The Tenth Insight: Holding the Vision Test | Final Test - Hard

James Redfield
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This test consists of 5 short answer questions, 10 short essay questions, and 1 (of 3) essay topics.

Short Answer Questions

1. In the beginning of Chapter 8, what does Webber tell the narrator to do?

2. What does Wil say is the system that fails to deal with the Fear in contemporary life?

3. Into what did the narrator say the freedom of the 1960's grow?

4. What do Wil and the narrator learn from Feyman's Birth Vision?

5. What does Wil confirm about Williams to the narrator?

Short Essay Questions

1. How does the narrator describe hell in Chapter 7?

2. What does Webber tell the narrator about Charlene?

3. Describe the vision the narrator had at the beginning of Chapter 6, Part 2.

4. What does the narrator urge Wil to do?

5. What did the narrator see in his vision about the teachings of Christ?

6. What does the narrator tell about a previous life of his as a monk?

7. What happens to the group from the cave in Chapter 8 as they go towards the building with the Experiment?

8. What does a sudden connection with the narrator's Soul Group bring to his mind about a previous life?

9. What did the narrator see begin to emerge that changed the way humans interacted with the world?

10. What does Wil say about the scenarios the narrator saw?

Essay Topics

Write an essay for ONE of the following topics:

Essay Topic 1

On the second (spiritual) level of analysis, Chapter 2 introduces the key concepts of the Group of Seven and the Fear, both of which define and motivate the action to follow. Of the two, the Fear is perhaps the more significant, in that as a concept, its influence (according to the book's spiritual perspective) reaches beyond the boundaries of the narrative and into the way the world functions. It is in many ways a spiritual antagonist, if not THE spiritual antagonist, to the enlightenment sought by the characters.

1. Why do you think the Fear could be called the spiritual antagonist to the enlightenment sought by the characters. Use examples from the text to support your answer.

2. Many religions and philosophies state emphatically that love is the key to the evolution, spiritual advancement or solution to the problems of humanity. There are also those who say fear is the opposite of love. In this context, explain the ways in which the Fear has impeded human evolution. Use examples from the text to support your answer.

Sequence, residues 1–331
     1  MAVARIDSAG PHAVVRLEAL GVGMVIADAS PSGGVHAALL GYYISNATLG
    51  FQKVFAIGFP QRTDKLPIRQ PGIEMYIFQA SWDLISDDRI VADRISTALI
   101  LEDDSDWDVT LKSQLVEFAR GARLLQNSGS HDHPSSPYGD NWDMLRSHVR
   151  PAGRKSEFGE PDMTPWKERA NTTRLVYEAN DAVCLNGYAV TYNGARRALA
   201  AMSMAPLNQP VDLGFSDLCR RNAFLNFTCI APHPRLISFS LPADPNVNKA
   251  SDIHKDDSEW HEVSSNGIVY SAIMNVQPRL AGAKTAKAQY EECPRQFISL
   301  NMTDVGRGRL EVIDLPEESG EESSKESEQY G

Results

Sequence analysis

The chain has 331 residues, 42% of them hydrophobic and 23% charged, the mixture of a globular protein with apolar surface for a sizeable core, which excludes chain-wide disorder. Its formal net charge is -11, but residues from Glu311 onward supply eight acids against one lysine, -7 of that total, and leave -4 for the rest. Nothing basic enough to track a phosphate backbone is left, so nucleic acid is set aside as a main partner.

3. Explain the key concepts of the Group of Seven and how you think these concepts would be able to overcome the Fear as it is defined by this book.

Essay Topic 2

The main narrative thrust is coming from energy of exploration rather than confrontation - in other words, the narrator is discovering the nature of his story's central conflict rather than playing out that conflict itself. Yes, the surges of dissonance create a certain degree of conflict and tension, but the narrator in Chapter 7, as in previous chapters, is reacting to that conflict rather than engaging in it, going deeper into what is essentially research rather than taking steps to ensure change.

1. Explain, with examples, why you think the main narrative thrust is coming from energy of exploration rather than confrontation.

2. Why do the surges of dissonance create a certain degree of conflict and tension in the novel? Explain why you think they create enough conflict and tension or if the author should have had more conflict. Use examples to support your opinion.

3. Discuss why the author reacts to the conflict in the story rather than engaging in it. Use examples to support your opinion.

Essay Topic 3

The idea of Birth Vision, Wil explains, is an explanation of commonly reported near death experiences in which a dying individual reports that his/her life has "flashed before her eyes". In the same way, the concept of Soul Group is an explanation of a similarly reported near death experience in which dying individuals experience themselves as being welcomed by a group of unidentifiable but familiar and loving souls.

1. If one was to assume that there is indeed a Birth Vision, what do you think would be the purpose of forgetting it as soon as one is born? Does that seem inefficient as far as accomplishing a task on earth? Why or why not?

2. Explain, in the context of this entire book, and in the context of what you think is true, why a Birth Vision is called that in this book. Why might it not be called a Death Vision, given the circumstances under which one has it?

3. Taking the concept of Soul Group as being true and reincarnation as being true, what do you think would be a good reason to have a Soul Group, both on earth in physical incarnation and on the other plane as spiritual entities? Use examples from the book and your own life to support your answer.

(see the answer keys)

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